Bronco Buddies adapts to connect with elementary students through pen pal program

Bronco Buddies, started a year ago by education major Michaela Bailey, seeks to connect students at Lincoln Elementary School in Hastings with college student mentors.

Last year, student athletes would visit and play with Lincoln Elementary students at lunch and recess. This year, the program looks different, as it shifted to a pen-pal program with students writing back and forth to create a relationship through letters — and more than 50 college students signed up to write letters.

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A year ago, Hastings College students met with Lincoln Elementary students during lunchtime or recess, as shown here. This year, the Bronco Buddies program has switched to a pen pal format.

Bailey and Laura Hurley, director of student athlete development, said they were thrilled with the amount of responses for the pen pal program.

“I was a little worried, I didn’t know what the response would be just because it was a change because people really enjoyed going,” Hurley said, “but the response has been amazing.”

After her junior year education clinical, Bailey realized how essential it is for students to have strong role models and make connections. So, Bailey worked closely with Hurley to create the program in 2019 to increase those connections.

“I saw how powerful it was for me as a college student going in and forming those relationships with students,” Bailey said. “I knew that students were craving more relationships and were looking for role models.”

Her connection with the students inspired her to develop a way to get other college students involved and created the Bronco Buddies Program. Hastings College students started visiting students during lunchtime so they wouldn’t take away class time, and it allowed students to be themselves. She connected Hurley to get student-athletes involved.

“Last year we had 30 college students that were broken up into two lunch periods,” Hurley said.

Volunteers were given a sack lunch so that they could eat with the students, then join them for recess. College students would visit every two weeks, but due to the popularity of the program, Bailey said that students wished they could visit every week.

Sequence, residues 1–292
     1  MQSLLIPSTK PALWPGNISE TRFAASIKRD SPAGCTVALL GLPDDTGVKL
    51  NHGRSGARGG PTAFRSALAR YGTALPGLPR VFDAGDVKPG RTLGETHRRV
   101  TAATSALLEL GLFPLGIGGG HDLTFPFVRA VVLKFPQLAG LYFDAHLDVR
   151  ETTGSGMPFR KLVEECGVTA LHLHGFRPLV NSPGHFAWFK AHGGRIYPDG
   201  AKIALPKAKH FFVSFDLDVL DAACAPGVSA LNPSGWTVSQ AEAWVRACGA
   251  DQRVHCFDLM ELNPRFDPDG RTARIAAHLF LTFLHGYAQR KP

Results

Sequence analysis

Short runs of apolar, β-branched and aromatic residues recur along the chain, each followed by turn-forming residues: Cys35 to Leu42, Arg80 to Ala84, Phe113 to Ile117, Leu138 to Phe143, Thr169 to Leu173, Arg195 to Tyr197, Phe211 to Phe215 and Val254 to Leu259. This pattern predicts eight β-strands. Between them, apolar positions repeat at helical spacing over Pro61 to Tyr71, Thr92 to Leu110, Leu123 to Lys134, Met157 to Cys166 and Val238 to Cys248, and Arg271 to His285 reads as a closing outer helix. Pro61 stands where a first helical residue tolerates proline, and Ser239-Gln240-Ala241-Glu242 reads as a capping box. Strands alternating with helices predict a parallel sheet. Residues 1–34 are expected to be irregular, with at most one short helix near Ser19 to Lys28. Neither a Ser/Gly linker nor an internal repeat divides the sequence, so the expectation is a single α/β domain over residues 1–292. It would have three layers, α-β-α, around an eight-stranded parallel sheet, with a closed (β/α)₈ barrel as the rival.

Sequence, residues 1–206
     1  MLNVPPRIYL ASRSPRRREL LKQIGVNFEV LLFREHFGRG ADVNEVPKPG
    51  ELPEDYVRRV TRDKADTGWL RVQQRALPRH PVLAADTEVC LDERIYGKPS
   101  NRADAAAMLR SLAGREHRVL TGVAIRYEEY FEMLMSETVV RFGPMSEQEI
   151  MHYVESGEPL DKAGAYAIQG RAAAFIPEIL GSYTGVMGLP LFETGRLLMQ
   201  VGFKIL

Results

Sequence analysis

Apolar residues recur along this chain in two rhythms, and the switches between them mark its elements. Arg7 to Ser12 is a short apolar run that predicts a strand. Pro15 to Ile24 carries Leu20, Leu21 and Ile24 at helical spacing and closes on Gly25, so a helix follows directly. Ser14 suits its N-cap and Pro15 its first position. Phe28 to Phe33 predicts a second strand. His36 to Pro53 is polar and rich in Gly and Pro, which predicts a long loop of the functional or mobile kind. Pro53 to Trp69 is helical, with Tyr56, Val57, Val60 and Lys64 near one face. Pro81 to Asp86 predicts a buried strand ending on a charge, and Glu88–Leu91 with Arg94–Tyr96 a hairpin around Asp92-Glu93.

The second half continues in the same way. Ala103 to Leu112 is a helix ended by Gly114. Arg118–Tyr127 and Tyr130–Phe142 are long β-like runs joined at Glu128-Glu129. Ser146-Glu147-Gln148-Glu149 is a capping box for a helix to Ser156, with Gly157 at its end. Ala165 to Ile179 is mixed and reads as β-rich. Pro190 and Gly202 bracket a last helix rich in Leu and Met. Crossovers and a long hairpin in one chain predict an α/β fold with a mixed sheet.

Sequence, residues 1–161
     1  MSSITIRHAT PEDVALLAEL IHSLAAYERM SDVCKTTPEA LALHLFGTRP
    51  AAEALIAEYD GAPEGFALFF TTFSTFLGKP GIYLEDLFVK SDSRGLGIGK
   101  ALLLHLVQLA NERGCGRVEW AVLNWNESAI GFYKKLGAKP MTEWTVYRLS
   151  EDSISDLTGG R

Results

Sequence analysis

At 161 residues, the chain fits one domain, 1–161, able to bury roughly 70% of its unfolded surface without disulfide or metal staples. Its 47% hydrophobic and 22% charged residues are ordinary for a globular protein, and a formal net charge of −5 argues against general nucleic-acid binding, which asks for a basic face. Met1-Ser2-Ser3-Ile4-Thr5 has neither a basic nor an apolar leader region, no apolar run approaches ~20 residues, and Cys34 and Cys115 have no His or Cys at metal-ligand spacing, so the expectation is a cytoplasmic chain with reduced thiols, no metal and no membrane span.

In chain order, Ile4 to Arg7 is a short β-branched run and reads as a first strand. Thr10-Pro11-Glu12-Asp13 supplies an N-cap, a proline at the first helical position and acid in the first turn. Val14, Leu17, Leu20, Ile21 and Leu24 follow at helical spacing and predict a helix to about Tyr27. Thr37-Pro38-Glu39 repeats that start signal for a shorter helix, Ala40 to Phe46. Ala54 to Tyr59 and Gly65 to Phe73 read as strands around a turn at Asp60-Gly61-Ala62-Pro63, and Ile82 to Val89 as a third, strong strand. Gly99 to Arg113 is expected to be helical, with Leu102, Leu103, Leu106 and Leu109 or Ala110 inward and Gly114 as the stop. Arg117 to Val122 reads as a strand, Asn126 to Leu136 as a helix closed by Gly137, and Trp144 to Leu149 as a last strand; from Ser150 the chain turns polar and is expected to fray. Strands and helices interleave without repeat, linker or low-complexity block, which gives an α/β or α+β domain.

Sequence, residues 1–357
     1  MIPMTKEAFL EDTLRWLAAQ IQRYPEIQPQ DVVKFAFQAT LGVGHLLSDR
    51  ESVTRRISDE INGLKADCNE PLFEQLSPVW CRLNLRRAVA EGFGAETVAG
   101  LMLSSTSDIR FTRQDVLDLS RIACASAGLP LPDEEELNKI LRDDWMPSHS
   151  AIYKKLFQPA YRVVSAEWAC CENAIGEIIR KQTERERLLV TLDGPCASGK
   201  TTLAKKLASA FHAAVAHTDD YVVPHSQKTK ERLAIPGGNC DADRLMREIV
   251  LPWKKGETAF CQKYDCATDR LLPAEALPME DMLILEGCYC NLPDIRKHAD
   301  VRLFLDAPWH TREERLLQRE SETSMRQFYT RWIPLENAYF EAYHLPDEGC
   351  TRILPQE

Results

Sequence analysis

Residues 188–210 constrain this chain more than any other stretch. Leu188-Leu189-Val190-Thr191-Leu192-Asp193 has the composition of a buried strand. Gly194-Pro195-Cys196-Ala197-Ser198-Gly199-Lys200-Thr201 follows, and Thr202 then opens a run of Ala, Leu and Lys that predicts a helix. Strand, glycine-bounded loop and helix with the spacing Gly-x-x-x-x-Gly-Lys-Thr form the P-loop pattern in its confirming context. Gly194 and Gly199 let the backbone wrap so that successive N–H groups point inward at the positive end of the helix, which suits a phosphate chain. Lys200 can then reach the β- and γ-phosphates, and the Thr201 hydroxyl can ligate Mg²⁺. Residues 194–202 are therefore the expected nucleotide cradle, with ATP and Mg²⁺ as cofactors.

“I would have kids at school ask me, ‘when are your college friends coming?’ It became something the students looked forward to, and the teachers loved it because of the positive relationship they created,” Bailey said.

Due to COVID-19 restrictions, Hastings College students cannot attend the school in person this year. So the program took a pen-pal approach.

“The inspiration I got for pen pals was actually from a student. …Last year when our women’s soccer team was going to nationals, one of the students…had written a letter to his Bronco Buddies on the women’s soccer team wishing them good luck and saying that he loved getting to play with them at recess,” Bailey said. “I thought that if a student took the initiative to do that on their own, how cool would it be if we gave college students the opportunity to write back?”

In addition to the connections that can be built through letter-writing, the pen pal program has many educational benefits. Students will have more practice with reading and writing skills and the teachers and students at Lincoln are all enthusiastic about the program.

The program was first directed towards student athletes so they could have more mentorship roles but is now open for all Hastings College students to join in.

By Lindsey Pratt, a first-year student from Denver, Colorado. This story originally appeared in the Collegian.

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